When it comes to singing, it may fairly be said that Woodside, on occasions, demonstrate a greater level of enthusiasm than quality. But such is often the fate of Folk singing - the songs are sung by people 'of the people' and our abilities brilliantly reflect that great and noble custom. The truth is, when singing with a pint in your hand after an arduous evening's dancing and playing, it is enthusiasm, participation and camaraderie that tend to create the moment.
And speaking of participation, here is your chance to make the difference! Select from the songs below, and lo! Your pleasure shall be displayed in the song panel to the right! Put your finger in your ear, and let it rip...
Country Life
Drunken Sailor
Pleasant and Delightful
Sweet Nightingale
Fathom the Bowl
Strike the Bell
South Australia
New York Girls
Rolling Home
The Sussex Carol
The Boar's Head Carol
God Rest Ye Merry Gentlemen
Fathom the Bowl
Verse 1
Come all you bold heroes,
Give ear to my song,
I’ll sing in the praise
Of good brandy and rum.
There’s a clear crystal fountain
Near England shall flow; Give me the punch ladle,
I’ll fathom the bowl.
I’ll fathom the bowl,
I’ll fathom the bowl,
Give me the punch ladle,
I’ll fathom the bowl.
Verse 2
From France we get brandy,
From Jamaica comes rum,
Sweet oranges and lemons,
From Portugal come:
Strong beer and good cyder,
O’er England shall flow;
Give me the punch ladle,
I’ll fathom the bowl.
Verse 3
My wife she comes in,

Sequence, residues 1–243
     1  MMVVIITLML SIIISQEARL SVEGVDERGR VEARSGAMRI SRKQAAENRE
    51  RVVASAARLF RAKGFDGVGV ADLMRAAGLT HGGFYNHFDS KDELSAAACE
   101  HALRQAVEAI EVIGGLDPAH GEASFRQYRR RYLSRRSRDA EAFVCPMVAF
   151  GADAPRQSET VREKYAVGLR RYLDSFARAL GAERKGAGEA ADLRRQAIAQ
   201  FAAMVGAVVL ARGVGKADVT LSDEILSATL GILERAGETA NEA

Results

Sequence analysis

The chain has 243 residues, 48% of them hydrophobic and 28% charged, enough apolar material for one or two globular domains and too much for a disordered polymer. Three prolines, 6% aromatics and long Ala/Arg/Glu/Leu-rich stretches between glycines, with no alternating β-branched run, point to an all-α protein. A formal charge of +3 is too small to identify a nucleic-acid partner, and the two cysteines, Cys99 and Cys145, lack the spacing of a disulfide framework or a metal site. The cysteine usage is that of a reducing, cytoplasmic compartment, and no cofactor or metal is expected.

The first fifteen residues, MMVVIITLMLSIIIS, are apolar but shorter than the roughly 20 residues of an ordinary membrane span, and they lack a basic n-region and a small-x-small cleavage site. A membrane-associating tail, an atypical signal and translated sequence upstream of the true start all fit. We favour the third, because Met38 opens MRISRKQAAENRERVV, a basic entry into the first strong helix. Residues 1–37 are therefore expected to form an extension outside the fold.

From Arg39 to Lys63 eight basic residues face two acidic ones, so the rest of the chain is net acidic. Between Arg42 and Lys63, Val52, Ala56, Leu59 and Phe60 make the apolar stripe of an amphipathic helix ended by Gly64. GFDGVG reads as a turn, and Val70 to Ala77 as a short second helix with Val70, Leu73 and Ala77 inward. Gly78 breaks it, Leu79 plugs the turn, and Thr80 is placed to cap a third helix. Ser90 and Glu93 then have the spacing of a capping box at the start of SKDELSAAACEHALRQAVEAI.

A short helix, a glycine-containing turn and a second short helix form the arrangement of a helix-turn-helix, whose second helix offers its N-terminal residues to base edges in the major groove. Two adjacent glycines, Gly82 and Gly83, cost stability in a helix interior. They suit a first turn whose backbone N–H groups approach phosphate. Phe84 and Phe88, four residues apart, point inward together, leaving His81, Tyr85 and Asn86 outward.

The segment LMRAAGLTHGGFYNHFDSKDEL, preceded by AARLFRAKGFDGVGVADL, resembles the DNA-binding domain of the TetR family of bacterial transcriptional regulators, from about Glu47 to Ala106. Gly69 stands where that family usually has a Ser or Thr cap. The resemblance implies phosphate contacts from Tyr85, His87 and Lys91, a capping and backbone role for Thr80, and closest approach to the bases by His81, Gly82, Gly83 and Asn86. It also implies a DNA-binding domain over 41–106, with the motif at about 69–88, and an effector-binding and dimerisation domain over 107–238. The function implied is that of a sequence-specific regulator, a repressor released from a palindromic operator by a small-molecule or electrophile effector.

When I sit at my ease,
She scolds and she grumbles,
And does as she please;
She may scold and she may grumble,
'till she’s black in the face as a coal;
Give me the punch ladle,
I’ll fathom the bowl.
Verse 4
My father he lies in the depth of the sea,
With the stones at his feet;
What matters for he,
There’s a clear crystal fountain
Near him it doth roll;
Give me the punch ladle,
I’ll fathom the bowl.
This one's from the south of England, with little or no evidence of its traditional use spreading particularly far. However, it is a very popular song, recounting the incgredients of a good bowl of punch, and it is one of those during which the more dewy eyed Morris Dancer may find themselves turning to a comrade with a smile reflecting fraternal unity and melancholly tinged satisfaction.
The song, like many others in the book, is a broadside, which refers to the nature of the media upon which it was published, rather than the idea that it be sung with all guns blazing. A broadside, or broadsheet, is a single sheet of paper upon which is printed some content for reading, singing or admiring. Songs collected in this way are referred to by their medium to indicate that they were of a popular nature.